(2) I have worked on this parental guilt a lot, and talk about it in my new book The Way of the Fearless Writer because it can be a huge obstacle for getting to the page, and doing anything creative. Here’s the thing: I have come to understand that I am a better everything (mum, wife, friend etc) for having written or spent time with the ideas calling to me. By better I mean more present, patient, and awake to my life. My family knows this and we talk about it. Me doing my thing is good for all of us in many ways, and it might be the same for you. Recognising this can be a game changer in terms of getting the support you need to make time and space, and not feel bad about it.

(3) I make sacrifices. I often choose to spend time with my ideas instead of with friends in real life. Not always, but often. The truth is that these past few years I have put more effort into writing new books than making new friendships. I rarely meet up with people for coffee in the middle of the day because I’d rather be on a long walk in the hills or by the sea figuring out the idea for my next book. This doesn’t mean I think less of friends, I just don’t hang out with them all the time. I am sure this means I miss out on things, but a book (like art, or a new business) is the result of hundreds of tiny decisions to work on it, rather than something else. That’s a personal choice. It has not always been this way, and it might not always be this way, but it’s how I feel at this point in my life, so I’m going with it.

(4) I get up really early most days. Mr K gets up early too. We do our own thing for a couple of hours – me writing, yoga, walking etc and him pilates or running – and our children don’t even notice because they are sleeping. It’s bliss.

(5) Outside of ‘work’ I make room for creative time with a few choices – I don’t iron clothes (sorry Mum). I almost never watch TV (except for Grey’s Anatomy, currently still on season 13, no spoilers please). I batch cook food in winter and eat a lot of salad in summer. I don’t spend much time consuming social media (even when I am active on my own accounts). These simple things free up a lot of time.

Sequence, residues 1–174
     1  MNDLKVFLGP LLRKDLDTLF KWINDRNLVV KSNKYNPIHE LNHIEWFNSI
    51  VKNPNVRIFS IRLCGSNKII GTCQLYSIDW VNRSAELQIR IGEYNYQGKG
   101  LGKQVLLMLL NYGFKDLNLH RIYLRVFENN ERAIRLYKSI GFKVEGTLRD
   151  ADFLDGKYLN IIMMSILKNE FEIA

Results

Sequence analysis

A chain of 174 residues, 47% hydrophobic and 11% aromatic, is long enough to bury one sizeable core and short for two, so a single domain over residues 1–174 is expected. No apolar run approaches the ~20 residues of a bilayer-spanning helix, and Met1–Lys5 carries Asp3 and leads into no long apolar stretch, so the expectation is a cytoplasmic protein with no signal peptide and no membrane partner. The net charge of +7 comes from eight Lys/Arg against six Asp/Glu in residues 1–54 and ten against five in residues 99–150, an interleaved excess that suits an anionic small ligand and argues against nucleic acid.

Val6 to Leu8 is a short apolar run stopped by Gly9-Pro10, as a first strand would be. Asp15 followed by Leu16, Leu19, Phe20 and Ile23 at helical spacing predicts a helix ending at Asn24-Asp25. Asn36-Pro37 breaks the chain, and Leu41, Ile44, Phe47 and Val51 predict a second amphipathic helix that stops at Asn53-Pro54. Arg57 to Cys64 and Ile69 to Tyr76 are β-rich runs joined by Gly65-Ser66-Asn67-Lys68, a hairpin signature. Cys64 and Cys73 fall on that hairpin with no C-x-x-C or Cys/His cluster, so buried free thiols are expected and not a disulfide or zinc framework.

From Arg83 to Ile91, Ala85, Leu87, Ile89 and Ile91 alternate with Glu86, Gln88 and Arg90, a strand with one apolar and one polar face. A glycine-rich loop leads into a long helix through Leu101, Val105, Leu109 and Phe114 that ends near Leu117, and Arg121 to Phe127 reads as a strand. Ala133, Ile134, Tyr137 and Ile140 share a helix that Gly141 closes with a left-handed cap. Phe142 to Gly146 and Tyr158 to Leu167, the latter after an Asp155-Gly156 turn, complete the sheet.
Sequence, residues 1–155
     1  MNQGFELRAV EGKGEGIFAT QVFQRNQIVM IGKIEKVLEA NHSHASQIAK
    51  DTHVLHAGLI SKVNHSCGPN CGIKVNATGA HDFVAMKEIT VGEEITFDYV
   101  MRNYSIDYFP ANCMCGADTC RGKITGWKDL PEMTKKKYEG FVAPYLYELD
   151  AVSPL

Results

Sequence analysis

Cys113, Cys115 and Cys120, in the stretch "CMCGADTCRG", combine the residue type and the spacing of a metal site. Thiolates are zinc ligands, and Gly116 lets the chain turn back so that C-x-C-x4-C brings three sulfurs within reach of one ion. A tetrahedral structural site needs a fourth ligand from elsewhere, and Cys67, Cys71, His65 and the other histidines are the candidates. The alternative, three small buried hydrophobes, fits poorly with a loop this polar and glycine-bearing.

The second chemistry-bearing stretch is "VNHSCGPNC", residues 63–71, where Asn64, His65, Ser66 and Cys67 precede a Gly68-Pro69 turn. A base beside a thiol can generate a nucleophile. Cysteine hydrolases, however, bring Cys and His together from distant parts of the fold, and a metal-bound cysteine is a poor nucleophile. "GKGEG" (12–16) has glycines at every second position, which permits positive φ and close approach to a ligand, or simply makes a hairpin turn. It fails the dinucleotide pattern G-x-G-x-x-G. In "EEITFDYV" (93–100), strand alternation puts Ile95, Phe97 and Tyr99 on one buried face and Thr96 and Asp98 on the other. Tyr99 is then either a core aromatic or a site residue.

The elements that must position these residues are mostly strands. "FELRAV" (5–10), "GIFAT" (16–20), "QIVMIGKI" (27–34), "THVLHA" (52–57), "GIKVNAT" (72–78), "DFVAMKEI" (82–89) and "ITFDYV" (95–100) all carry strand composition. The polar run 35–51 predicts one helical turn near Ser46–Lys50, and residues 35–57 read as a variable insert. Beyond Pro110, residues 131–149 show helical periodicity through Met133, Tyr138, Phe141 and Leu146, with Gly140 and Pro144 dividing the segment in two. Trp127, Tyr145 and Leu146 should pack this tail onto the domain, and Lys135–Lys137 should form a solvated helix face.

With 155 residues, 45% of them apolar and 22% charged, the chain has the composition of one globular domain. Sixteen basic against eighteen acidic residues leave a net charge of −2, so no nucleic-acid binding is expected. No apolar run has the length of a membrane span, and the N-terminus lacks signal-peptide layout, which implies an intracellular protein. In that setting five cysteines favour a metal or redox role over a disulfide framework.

(6) I encourage my husband to do stuff he loves too, away from me and the girls. He loves to go on long runs, sometimes to the pub, sometimes paddleboarding etc. He teaches pilates and doesn’t feel guilty about the time spent doing that, which reminds me not to feel guilty about the time I spend doing things I love.

(7) I think I am sending our girls an important message doing what I love, and turning formless ideas into food on the table, not to mention teaching them that quiet time and space matters for our well-being.

(8) There is a season for everything. I often write my books in winter which requires big chunks of time away from others. At other times I am much more available to everyone and it helps us all to know that.

(9) Sometimes it helps to work backwards. What’s your ideal day and how can you reconfigure your life to make that support your work and family as well as your own health and creativity? It’s just possible that in the end everyone will be grateful that you did.

(10) Life is short. You might as well do what you love, not just in the big scheme of things but inside every day. Just sayin’

If you have questions like this about doing what you love I’m always open to them. I love pondering them and might share in a future post so feel free to drop me a DM on Instagram @bethkempton.

Beth Xx